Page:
G20: “Climate change is out for the time being”
World financial leaders are in a tizzy, their comfy club in turmoil as their longtime schemes of patchwork tinkering with the unknown takes on a new reality—Trumpism. A departure from mealymouthed appointees forever terrified of making decisions, the “do nothing and you can’t get blamed for a mistake” syndrome so common.
World financial leaders have dropped a reference to financing climate change from their draft communiqué, says an official taking part in a meeting of finance ministers and central bankers of the Group of 20 leading economies. The world’s top finance ministers and central bankers are involved in a two-day meeting in Germany at a time of heightened global uncertainty with President Donald Trump’s “America First” agenda.
G20 drops climate change reference in Germany meeting
At their last meeting in July 2016 in the Chinese city of Chengdu, the G20 financial leaders said they encouraged all signatories of the Paris Agreement on climate change to bring the deal into force as soon as possible.
“Climate change is out for the time being,” said the official, who asked not to be named.
President Trump has called global warming a “hoax” concocted by China to hurt US industry and vowed to unpick the Paris climate accord that is supposed to curb rising temperatures.
Australian Treasurer Scott Morrison will hold his first talks with new US and Chinese counterparts on the sidelines of the meeting.
He will also be holding talks for the first time with new United States Treasury Secretary Steven Mnuchin, as well as China’s newly appointed Finance Minister Xiao Jie.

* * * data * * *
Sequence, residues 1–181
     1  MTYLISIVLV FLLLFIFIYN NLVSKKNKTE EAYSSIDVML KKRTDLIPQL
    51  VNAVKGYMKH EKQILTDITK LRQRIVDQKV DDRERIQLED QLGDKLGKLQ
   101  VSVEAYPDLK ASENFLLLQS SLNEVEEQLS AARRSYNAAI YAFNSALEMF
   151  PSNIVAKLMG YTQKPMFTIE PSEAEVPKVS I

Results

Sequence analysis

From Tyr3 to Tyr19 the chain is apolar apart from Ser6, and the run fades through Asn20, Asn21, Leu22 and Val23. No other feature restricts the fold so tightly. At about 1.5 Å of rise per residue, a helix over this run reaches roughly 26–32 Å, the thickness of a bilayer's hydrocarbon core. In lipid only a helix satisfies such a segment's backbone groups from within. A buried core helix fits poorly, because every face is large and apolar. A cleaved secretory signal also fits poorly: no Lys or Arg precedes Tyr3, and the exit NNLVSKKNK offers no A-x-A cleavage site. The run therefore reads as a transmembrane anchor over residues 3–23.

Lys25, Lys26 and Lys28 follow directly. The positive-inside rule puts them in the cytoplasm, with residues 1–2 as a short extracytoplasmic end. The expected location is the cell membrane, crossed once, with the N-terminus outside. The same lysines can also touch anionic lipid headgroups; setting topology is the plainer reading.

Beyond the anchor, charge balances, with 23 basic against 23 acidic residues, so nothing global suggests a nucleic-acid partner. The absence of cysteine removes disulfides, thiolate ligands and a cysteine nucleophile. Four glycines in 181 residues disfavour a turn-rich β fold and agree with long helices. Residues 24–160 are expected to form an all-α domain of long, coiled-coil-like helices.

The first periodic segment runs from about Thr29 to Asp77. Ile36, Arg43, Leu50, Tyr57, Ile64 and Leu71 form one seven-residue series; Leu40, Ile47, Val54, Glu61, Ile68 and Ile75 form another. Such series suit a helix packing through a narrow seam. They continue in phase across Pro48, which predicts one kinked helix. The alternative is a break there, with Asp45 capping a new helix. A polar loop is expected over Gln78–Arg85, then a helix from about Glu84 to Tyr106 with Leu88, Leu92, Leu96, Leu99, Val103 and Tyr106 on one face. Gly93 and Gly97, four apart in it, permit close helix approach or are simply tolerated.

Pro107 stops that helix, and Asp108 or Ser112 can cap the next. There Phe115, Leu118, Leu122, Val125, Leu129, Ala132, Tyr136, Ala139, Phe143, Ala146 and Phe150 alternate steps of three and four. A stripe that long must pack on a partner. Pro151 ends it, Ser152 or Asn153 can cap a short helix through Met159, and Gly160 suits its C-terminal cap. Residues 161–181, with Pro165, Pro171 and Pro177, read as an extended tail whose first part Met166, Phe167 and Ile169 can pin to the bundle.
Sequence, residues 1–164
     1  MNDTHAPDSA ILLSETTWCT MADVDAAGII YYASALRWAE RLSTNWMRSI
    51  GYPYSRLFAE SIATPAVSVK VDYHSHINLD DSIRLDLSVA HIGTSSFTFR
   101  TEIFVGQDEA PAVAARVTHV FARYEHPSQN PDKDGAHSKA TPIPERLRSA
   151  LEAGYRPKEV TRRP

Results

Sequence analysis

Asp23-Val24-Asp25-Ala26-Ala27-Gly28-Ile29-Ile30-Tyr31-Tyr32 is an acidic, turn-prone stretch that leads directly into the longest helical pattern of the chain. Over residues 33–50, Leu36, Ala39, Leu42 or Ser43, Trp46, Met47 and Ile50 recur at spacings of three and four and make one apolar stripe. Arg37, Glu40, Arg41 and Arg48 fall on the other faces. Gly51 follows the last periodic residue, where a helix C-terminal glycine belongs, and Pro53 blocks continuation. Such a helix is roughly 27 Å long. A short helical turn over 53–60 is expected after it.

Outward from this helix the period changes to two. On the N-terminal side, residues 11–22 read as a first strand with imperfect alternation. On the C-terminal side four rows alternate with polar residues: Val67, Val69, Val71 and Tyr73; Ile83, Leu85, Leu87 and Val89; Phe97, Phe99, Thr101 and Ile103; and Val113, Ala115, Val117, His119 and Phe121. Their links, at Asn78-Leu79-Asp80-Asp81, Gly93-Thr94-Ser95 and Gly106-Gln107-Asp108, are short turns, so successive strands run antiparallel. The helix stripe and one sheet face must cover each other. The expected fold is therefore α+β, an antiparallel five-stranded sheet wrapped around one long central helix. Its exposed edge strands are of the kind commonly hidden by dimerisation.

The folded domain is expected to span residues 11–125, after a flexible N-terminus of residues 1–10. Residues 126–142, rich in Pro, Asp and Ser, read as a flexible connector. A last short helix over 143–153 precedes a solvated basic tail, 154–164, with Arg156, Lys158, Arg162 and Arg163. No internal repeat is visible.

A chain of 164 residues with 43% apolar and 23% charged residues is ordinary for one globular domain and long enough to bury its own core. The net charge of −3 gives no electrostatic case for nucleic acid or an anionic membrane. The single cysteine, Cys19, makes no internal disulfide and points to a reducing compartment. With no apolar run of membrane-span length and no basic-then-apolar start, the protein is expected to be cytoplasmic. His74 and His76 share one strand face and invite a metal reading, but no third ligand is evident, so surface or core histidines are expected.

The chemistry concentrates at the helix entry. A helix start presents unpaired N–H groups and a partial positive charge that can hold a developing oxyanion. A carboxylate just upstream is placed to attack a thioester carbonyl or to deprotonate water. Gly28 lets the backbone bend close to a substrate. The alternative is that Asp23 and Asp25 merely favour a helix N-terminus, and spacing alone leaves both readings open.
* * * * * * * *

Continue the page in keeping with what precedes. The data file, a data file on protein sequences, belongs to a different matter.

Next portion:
Here’s a list of the main players at the G20 talks:
WOLFGANG SCHAEUBLE, Germany As host of the meeting, Germany’s iron-willed finance minister will attempt to forge a consensus on a range of contentious issues, from trade to the US dollar.
SCOTT MORRISON, Australia Trade will be a big issue for Morrison in Baden-Baden with Australia making moves to secure a bilateral trade agreement with Britain after the Brexit and worries about Asian trade after Trump exited the TPP.
STEVEN MNUCHIN, United States As a member of President Donald Trump’s cabinet, the former partner at investment bank Goldman Sachs, now treasury secretary, will turn his attention from the concerns of Wall Street to those of Main Street.
XIAO JIE, China Experts say the new finance minister will try to reassure his international counterparts that China’s debt risk is under control and will not further slow the domestic economy.
MARIO DRAGHI, European Central Bank The eurozone economy appears to have slowly begun to turn the corner after years of stagnation and recession, allowing European Central Bank chief Mario Draghi, known as “Mr Euro”, to claim that his contentious monetary stimulus plan is working.
PHILIP HAMMOND, Britain Nicknamed “Spreadsheet Phil” or “The Undertaker” in British media for his taxman-like demeanour, Treasury chief Hammond is tasked with Brexit-proofing the economy as Prime Minister Theresa May prepares to launch two-years of divorce negotiations.
JOSE ANTONIO MEADE, Mexico The Mexican finance minister will be listening for any mention of a potential US border tax on goods imported from Mexico, which Trump says could help pay for the construction of a border wall.
JANET YELLEN, United States Yellen became the first women to the lead the rate-setting US Federal Reserve in 2014. She gained a reputation as a cautious but ambitious thinker with a sharp intellect, having sounded the alarm bells early over problems in the US housing market.